The $20K-Pay Gap: Female Physicians In Academia Make Significantly Less Than Male Counterparts
The analysis examines data on roughly 10,000 physician faculty members at 24 medical schools, including those of the University of North Carolina and the University of Washington.
The New York Times:
Dr. Paid Less: An Old Title Still Fits Female Physicians
Female physicians at some of the nation’s most prominent public medical schools earn nearly $20,000 less a year on average than their male colleagues, according to an analysis published on Monday in JAMA Internal Medicine. Before adjusting for factors that could influence income, the researchers found that the absolute difference between the genders was more than $51,000 a year. (Saint Louis, 7/11)
The Washington Post:
Gender Gap In Medical Schools: Female Doctors Make $20k Less Than Male Doctors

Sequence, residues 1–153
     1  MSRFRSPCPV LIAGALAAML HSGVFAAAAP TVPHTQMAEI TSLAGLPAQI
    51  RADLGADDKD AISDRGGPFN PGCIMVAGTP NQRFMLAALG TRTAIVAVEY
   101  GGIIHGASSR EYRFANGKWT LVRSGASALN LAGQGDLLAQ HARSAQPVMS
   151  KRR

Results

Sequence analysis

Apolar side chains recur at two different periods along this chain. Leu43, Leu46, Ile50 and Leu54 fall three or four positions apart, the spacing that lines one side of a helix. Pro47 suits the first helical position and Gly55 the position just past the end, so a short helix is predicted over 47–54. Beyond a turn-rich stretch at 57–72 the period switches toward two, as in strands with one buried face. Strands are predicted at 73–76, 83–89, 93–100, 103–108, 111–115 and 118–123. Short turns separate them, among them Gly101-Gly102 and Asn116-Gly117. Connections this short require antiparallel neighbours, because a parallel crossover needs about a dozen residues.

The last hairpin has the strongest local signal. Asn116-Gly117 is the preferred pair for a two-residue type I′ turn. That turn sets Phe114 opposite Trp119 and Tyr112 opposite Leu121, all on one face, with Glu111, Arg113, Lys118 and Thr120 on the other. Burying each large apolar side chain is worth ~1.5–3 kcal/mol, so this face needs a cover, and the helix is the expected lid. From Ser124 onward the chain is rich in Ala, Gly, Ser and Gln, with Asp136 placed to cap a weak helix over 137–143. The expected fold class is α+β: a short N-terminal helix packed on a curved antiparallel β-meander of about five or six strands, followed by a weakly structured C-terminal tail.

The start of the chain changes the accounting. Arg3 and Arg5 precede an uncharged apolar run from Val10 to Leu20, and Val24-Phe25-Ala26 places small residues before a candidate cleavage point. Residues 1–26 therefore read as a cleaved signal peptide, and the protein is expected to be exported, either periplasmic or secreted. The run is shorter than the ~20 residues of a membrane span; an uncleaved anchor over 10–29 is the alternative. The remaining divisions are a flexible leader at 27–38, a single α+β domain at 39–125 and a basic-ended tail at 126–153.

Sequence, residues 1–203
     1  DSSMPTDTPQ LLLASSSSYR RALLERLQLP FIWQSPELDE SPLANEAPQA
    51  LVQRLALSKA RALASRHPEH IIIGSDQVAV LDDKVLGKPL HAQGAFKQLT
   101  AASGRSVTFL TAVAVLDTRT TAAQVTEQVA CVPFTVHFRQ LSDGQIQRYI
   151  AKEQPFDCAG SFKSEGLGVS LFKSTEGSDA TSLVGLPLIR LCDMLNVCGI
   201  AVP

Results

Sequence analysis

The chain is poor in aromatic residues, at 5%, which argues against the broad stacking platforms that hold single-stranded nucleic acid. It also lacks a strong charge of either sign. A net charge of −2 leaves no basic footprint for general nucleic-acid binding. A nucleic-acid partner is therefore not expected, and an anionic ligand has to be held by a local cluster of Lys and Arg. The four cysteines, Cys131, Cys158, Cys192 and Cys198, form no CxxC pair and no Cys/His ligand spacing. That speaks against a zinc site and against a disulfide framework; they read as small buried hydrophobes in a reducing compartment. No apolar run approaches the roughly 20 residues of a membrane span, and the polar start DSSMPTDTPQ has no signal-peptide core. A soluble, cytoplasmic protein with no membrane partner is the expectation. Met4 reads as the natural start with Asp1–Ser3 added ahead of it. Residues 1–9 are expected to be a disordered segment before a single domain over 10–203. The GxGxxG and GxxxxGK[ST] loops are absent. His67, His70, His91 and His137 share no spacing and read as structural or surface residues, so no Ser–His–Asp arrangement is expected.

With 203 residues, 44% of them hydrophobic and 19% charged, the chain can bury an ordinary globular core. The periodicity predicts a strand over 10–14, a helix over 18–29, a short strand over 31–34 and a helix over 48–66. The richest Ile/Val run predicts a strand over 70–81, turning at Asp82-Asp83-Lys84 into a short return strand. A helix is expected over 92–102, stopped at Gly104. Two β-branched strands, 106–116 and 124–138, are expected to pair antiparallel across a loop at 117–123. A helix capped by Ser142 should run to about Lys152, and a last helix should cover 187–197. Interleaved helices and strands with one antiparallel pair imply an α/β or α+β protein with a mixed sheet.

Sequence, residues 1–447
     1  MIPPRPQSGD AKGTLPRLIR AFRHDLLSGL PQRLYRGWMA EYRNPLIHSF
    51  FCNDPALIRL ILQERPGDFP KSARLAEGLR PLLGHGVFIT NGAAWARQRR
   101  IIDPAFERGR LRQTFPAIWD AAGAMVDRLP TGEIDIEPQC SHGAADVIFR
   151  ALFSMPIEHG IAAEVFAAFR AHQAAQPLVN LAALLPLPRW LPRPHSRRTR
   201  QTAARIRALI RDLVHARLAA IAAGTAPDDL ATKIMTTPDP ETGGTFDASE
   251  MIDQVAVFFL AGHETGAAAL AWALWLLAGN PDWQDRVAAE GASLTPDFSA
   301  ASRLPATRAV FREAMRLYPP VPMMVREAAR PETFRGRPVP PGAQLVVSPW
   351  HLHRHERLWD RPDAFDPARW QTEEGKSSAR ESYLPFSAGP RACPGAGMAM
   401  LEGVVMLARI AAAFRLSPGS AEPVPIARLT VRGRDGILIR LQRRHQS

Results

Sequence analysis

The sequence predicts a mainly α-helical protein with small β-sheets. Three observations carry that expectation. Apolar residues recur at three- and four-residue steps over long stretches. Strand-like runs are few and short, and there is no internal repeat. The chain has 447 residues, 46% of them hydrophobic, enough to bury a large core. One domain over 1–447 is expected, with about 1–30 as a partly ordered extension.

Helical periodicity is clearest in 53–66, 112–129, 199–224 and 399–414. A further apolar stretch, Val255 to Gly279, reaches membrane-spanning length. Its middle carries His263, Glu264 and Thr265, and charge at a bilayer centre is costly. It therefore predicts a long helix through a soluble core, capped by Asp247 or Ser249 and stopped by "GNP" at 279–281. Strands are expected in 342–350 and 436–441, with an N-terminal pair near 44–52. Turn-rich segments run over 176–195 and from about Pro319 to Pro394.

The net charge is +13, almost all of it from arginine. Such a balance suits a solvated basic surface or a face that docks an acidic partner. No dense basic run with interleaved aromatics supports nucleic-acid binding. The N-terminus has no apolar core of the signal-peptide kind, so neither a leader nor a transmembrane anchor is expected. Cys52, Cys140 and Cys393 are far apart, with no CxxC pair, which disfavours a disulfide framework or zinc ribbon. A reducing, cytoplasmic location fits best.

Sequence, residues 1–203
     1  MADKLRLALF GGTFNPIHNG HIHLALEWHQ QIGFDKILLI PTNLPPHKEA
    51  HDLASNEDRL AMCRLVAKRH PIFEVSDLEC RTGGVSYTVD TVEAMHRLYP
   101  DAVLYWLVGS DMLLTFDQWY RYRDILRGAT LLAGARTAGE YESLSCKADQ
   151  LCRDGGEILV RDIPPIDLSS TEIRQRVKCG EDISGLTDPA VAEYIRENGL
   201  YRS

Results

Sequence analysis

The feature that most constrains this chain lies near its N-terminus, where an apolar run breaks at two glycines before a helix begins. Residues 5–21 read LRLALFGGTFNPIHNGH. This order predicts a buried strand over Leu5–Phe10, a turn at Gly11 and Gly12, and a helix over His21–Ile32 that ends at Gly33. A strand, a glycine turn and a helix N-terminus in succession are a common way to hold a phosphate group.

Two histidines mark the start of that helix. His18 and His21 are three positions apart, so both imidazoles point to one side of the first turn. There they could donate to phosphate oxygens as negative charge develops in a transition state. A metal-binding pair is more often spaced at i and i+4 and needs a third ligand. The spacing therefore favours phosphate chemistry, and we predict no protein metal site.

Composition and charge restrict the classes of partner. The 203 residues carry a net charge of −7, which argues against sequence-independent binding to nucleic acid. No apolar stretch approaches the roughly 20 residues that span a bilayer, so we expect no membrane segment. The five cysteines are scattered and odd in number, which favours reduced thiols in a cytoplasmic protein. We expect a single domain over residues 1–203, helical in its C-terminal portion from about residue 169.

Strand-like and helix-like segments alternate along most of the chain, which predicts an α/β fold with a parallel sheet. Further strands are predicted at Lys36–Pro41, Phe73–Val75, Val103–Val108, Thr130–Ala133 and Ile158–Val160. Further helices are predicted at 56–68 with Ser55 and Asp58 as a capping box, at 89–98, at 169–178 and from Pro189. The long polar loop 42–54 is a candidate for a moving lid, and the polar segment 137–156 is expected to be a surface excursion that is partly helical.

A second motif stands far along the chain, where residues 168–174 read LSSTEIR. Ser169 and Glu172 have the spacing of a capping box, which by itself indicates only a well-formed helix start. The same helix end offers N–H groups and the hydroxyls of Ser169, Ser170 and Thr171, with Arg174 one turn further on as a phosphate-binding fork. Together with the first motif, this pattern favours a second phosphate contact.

For a study published in the journal JAMA Internal Medicine on Monday, Anupam B. Jena obtained salary information for academic physicians at 24 public medical schools through the Freedom of Information Act. ... Jena also found that female physicians were less likely than their male counterparts to be full professors. This was not controlled for age or experience so it could at least partially have to do with the fact that they also tend to be younger and that getting tenure in academia can take a long time. It also could have to do with the fact that the women in the study had fewer total publications and were less likely to have conducted a clinical trial or have funding from the NIH. It could also have to do with the fact that they are more likely to choose different specialties than men. It turns out that women are more likely to be in internal medicine, obstetrics and gynecology, and pediatrics. (Cha, 7/11)